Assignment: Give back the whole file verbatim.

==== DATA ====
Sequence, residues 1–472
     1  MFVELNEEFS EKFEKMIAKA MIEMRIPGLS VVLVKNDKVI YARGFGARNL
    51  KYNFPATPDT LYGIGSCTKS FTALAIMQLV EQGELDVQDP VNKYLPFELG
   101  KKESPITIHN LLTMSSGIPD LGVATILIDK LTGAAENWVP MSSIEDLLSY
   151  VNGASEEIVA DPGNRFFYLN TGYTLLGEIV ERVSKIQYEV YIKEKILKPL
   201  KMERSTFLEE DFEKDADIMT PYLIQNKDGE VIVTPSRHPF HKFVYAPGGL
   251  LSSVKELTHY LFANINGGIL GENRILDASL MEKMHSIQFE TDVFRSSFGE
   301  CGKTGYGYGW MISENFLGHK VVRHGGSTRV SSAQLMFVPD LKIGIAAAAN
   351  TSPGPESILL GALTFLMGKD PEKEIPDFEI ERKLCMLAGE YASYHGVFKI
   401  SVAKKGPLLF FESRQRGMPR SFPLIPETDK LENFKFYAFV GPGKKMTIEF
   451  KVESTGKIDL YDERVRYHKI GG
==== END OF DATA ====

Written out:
Sequence, residues 1–472
     1  MFVELNEEFS EKFEKMIAKA MIEMRIPGLS VVLVKNDKVI YARGFGARNL
    51  KYNFPATPDT LYGIGSCTKS FTALAIMQLV EQGELDVQDP VNKYLPFELG
   101  KKESPITIHN LLTMSSGIPD LGVATILIDK LTGAAENWVP MSSIEDLLSY
   151  VNGASEEIVA DPGNRFFYLN TGYTLLGEIV ERVSKIQYEV YIKEKILKPL
   201  KMERSTFLEE DFEKDADIMT PYLIQNKDGE VIVTPSRHPF HKFVYAPGGL
   251  LSSVKELTHY LFANINGGIL GENRILDASL MEKMHSIQFE TDVFRSSFGE
   301  CGKTGYGYGW MISENFLGHK VVRHGGSTRV SSAQLMFVPD LKIGIAAAAN
   351  TSPGPESILL GALTFLMGKD PEKEIPDFEI ERKLCMLAGE YASYHGVFKI
   401  SVAKKGPLLF FESRQRGMPR SFPLIPETDK LENFKFYAFV GPGKKMTIEF
   451  KVESTGKIDL YDERVRYHKI GG